Taiwan’s National Palace Museum (NPM) will not be sharing its treasure trove of Chinese art with the Palace Museum in Beijing despite a nine-point consensus on closer cooperation and exchange, National Palace Museum Director Chou Kung-shin (周功鑫) said on Thursday.
Speaking at a news conference at Taiwan Taoyuan International Airport upon returning from China, Chou said that without touching on sensitive designation and legal issues, the two museums reached a consensus on academic, archive and art-conservation exchanges, as well as cooperating on publications and exhibitions.
Responding to a foreign wire-service journalist’s question as to whether and when valuable NPM artworks would be transported across the Taiwan Strait to be exhibited in China, Chou said she had only concluded the “first stage” of negotiations, and that her superiors would have to conduct the “second stage.”
“I will not speculate on it. There is no timetable for this matter because there are national policies involved,” she said.
Chou said her just-concluded visits to the Palace Museum in Beijing and the Shanghai Museum were fruitful and rewarding despite tight schedules.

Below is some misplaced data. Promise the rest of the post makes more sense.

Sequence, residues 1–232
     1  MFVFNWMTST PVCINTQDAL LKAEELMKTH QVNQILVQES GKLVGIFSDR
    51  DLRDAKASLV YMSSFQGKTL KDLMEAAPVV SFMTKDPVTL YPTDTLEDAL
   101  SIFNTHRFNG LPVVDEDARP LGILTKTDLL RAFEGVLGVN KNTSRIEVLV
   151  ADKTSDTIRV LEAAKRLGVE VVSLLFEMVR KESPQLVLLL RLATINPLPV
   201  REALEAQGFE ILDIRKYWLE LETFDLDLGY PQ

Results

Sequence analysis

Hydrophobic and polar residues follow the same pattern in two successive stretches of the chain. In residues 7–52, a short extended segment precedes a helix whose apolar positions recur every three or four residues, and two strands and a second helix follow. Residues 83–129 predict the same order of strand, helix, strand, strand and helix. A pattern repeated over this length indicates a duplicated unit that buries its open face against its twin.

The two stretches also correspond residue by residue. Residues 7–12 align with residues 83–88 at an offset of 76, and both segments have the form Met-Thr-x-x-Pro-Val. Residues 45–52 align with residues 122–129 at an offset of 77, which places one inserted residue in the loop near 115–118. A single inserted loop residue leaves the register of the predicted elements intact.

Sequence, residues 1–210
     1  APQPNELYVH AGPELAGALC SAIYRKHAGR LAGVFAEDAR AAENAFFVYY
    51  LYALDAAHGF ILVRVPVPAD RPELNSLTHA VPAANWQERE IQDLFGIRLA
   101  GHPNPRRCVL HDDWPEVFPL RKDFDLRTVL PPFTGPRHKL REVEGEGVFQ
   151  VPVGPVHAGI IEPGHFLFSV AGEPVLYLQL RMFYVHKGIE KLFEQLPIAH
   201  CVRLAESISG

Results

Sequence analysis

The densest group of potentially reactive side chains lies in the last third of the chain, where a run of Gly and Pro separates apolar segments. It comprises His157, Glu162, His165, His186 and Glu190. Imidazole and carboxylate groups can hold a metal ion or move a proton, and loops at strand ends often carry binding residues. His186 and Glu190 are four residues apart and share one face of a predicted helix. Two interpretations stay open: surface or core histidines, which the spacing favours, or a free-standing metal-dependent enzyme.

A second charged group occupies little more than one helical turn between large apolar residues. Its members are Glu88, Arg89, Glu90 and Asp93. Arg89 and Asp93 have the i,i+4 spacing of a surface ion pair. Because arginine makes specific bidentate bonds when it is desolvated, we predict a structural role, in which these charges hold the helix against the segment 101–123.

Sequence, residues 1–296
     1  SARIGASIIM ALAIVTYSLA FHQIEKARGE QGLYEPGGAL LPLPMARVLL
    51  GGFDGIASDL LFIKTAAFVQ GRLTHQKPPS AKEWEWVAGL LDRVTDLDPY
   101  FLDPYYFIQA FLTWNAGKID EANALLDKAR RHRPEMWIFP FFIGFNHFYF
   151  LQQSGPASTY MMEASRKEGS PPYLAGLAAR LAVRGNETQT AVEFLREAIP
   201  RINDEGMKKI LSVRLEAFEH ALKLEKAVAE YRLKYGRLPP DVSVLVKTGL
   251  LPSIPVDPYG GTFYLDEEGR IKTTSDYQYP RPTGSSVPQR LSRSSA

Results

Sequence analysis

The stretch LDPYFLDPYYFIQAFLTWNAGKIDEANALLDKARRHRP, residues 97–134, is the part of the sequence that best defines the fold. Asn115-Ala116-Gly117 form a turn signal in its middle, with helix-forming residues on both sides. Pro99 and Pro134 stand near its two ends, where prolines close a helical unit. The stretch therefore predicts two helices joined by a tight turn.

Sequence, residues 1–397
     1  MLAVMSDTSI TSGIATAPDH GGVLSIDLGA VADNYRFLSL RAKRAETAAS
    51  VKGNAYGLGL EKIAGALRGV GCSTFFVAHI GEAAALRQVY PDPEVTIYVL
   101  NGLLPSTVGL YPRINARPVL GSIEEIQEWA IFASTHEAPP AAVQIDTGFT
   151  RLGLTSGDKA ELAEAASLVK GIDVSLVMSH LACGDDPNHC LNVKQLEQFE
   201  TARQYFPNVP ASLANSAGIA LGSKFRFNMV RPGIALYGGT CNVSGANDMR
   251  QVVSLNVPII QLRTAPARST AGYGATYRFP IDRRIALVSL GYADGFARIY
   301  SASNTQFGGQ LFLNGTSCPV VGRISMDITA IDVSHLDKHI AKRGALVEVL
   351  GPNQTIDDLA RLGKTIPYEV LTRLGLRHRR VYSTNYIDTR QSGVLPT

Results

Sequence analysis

“The two museums also agreed to strengthen museum-to-museum exchanges based on the principle of parity and to engage in in-residence exchanges,” she said.
“Yet we have not signed any agreements for the cooperation and exchange programs. There were only meeting minutes,” Chou said.
Chou led an NPM delegation to visit Beijing from last Saturday to last Monday, where she met with Beijing Palace Museum curator Zheng Xinmiao (鄭欣淼).
In contrast to Taiwan’s passionate attention to Chou’s visit, Beijing kept a low profile during the visit, backpedaling on its promise to allow journalists to cover the airport welcoming ceremony for Chou and her group.
A news conference scheduled to take place on Sunday after a meeting between staff members of the two museums was also canceled.
When asked about his views on the cancelation, Su Ching-feng (蘇慶豐), director of the NPM public affairs office, said only that the delegation respected its host’s arrangement.
Chou also visited the Shanghai Museum on Tuesday and Wednesday where she discussed feasible cooperative programs with top officials.
The NPM in suburban Taipei is home to more than 650,000 of the finest pieces of ancient Chinese art and artifacts, with others held by several Chinese museums, particularly the Palace Museum in Beijing.
The Palace Museum in Beijing has agreed, on a case-by-case premise, to lend its Taiwan counterpart 29 Qing dynasty artifacts for a three-month exhibition that will begin in October this year. Beijing’s loan of its collection to Taipei will make possible the first display of the imperial artifacts under one roof since they were split up six decades ago.